Janet Woodcock, MD is current FDA Director of the Center for Drug Evaluation and Research. Maybe she can advise under her watch — during an opioid epidemic in the U.S., why does she not question the dangers of Sufentanil (Dsuvia) being released on the American people? -Marianne Skolek Perez, Investigative Reporter
(MYRTLE BEACH) In early 2005, I exposed Purdue Pharma, maker of OxyContin, for marketing a dangerous opioid called Palladone. In July 2005, Palladone was removed from the market following an FDA request because of “safety concerns” An FDA news release stated that “serious and potentially fatal adverse reactions could occur when Palladone (hydromorphone hydrochloride) extended-release capsules were taken together with alcohol.” (See news release below).
The FDA recently approved yet another dangerous opioid. This one made by AcelRx Pharmaceuticals, Inc. called Sufentanil or Dsuvia. The opioid is to be administered sublingually (faster absorption) and is approximately 5 to 10 times more potent than its parent drug, Fentanyl and 500 times as potent as morphine. It will be administered to pregnant women in labor as well as wounded military in the battlefield with the condition that physicians “closely” monitor patients for respiratory failure. It will be used in the treatment of ambiguous chronic pain. Sufentanil or Dsuvia should never be administered to any human.
This dangerous opioid is similar to Palladone in that it should never be taken with alcohol or products that have alcohol. Unsafe and deadly effects may happen — right off AcelRx Pharmaceuticals description of Sufentanil or Dsuvia.
I will be working fiercely, as I did with Palladone to have the FDA withdraw their approval of Sufentanil or Dsuvia immediately before the death toll to yet another dangerous opioid ravages our country further destroying tens of thousands of lives during an opioid epidemic. Why would the FDA approve an opioid with such dangerous and life-threatening risks? Ask Janet Woodcock.
Janet Woodcock, MD is current FDA Director of the Center for Drug Evaluation and Research. Maybe she can advise under her watch — during an opioid epidemic in the U.S., why she does not question the dangers of Sufentanil (Dsuvia) being released on the American people — yet an acting FDA Director of the Center for Drug Evaluation and Research in 2005 recognized the dangers of Palladone and had it pulled.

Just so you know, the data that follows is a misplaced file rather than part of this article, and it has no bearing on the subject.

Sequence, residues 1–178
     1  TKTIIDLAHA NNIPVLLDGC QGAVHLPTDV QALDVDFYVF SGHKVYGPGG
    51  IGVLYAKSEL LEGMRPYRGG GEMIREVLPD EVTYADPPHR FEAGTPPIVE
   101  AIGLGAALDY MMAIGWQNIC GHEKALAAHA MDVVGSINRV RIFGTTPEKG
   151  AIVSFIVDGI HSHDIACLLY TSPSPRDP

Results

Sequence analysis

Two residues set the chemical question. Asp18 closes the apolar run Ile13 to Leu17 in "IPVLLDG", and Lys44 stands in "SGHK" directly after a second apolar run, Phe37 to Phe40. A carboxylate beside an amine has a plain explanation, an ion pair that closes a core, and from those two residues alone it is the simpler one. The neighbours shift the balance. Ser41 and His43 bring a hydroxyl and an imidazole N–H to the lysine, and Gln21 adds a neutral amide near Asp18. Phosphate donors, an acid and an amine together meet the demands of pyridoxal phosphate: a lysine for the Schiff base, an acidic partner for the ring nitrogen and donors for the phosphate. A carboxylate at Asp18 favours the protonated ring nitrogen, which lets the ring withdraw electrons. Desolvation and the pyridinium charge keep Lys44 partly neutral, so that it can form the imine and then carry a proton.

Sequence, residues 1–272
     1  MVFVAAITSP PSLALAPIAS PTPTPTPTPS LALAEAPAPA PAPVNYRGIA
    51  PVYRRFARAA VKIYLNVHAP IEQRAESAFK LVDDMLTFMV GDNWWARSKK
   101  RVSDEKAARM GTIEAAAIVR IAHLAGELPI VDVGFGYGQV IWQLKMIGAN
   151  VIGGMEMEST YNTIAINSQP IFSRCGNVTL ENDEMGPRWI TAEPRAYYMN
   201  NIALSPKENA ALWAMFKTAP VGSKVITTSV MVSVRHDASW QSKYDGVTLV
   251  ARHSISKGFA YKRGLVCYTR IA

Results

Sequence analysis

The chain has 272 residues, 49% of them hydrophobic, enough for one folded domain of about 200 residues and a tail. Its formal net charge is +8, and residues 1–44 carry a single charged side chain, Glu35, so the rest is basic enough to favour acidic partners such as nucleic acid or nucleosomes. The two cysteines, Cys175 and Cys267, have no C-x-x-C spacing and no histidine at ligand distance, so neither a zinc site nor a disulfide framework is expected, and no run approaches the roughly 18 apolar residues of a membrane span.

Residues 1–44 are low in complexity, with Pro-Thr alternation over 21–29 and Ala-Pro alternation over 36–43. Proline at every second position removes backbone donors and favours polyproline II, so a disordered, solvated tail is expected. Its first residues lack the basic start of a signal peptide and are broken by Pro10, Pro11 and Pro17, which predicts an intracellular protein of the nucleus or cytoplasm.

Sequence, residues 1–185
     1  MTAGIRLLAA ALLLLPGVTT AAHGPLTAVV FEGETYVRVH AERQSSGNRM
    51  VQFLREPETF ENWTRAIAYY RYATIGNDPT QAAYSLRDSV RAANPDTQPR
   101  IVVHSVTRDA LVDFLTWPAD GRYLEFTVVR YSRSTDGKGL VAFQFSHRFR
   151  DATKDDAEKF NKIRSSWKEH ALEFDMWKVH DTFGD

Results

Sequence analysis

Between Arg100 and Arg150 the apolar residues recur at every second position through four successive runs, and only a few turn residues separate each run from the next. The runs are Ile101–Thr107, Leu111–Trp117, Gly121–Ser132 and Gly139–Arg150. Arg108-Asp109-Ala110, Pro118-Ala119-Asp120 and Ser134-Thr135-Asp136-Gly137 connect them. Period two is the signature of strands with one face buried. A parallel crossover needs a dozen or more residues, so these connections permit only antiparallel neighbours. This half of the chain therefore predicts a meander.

Next week I will be questioning the FDA on using Lynn R. Webster, MD as an “expert” in the approval of Sufentanil (Dsuvia). Just a word to the FDA — I did not go away when it came to Palladone being taken off the market and I am certainly not going away when they arbitrarily expose the American people to an opioid that should never be prescribed to any human being and is not only dangerous, but is life-threatening.
Below is the FDA News Release dated July 13, 2005 regarding the recall of Palladone:
FDA NEWS RELEASE FOR IMMEDIATE RELEASE P05-42 July 13, 2005 Media Inquiries: Suzanne Treviño, 301-827-6242 Consumer Inquiries:
FDA Asks Purdue Pharma to Withdraw Palladone for Safety Reasons
After acquiring new information that serious and potentially fatal adverse reactions can occur when Palladone (hydromorphone hydrochloride) extended-release capsules are taken together with alcohol, the U.S. Food and Drug Administration has asked Purdue Pharma L.P., the makers of the drug, to withdraw it from the market.
Palladone is a once-a-day pain management drug containing a very potent narcotic. New data gathered from a company-sponsored study testing the potential effects of alcohol use shows that when Palladone is taken with alcohol the extended release mechanism is harmed which can lead to dose-dumping. Dose-dumping is a term that describes the rapid release of the active ingredient from an extended release product into the bloodstream. The consequences of dose dumping at the lowest marketed dose (12 mg.) of Palladone could lead to serious, or even fatal, adverse events in some patients and the risk is even greater for the higher strengths of the product. As a result of this potentially serious safety risk, the FDA has asked Purdue Pharma, and they have agreed, to suspend all sales and marketing of Palladone in the U.S. pending further discussions with the agency.
“All powerful pain management drugs have serious risks if used incorrectly, but the current formulation of Palladone presents an unacceptably high level of patient risk,” said Dr. Steven Galson, FDA Acting Director of the Center for Drug Evaluation and Research. “Although we have not received reports of serious problems, this product has so far been used in a relatively small number of patients. We are concerned that as more patients take this drug, safety problems will arise since even having one alcoholic drink could have fatal implications.”
The current labeling for Palladone, approved in September, 2004, already includes the standard opioid warning against the use of alcohol and Palladone. However, the FDA does not believe that the risk of serious, and potentially fatal, adverse events can be effectively managed by label warnings alone and a risk management plan.
Links to previous articles written by me exposing Janet Woodcock, MD for her part in contributing to the opioid epidemic:
Article posted first at Global News Centre
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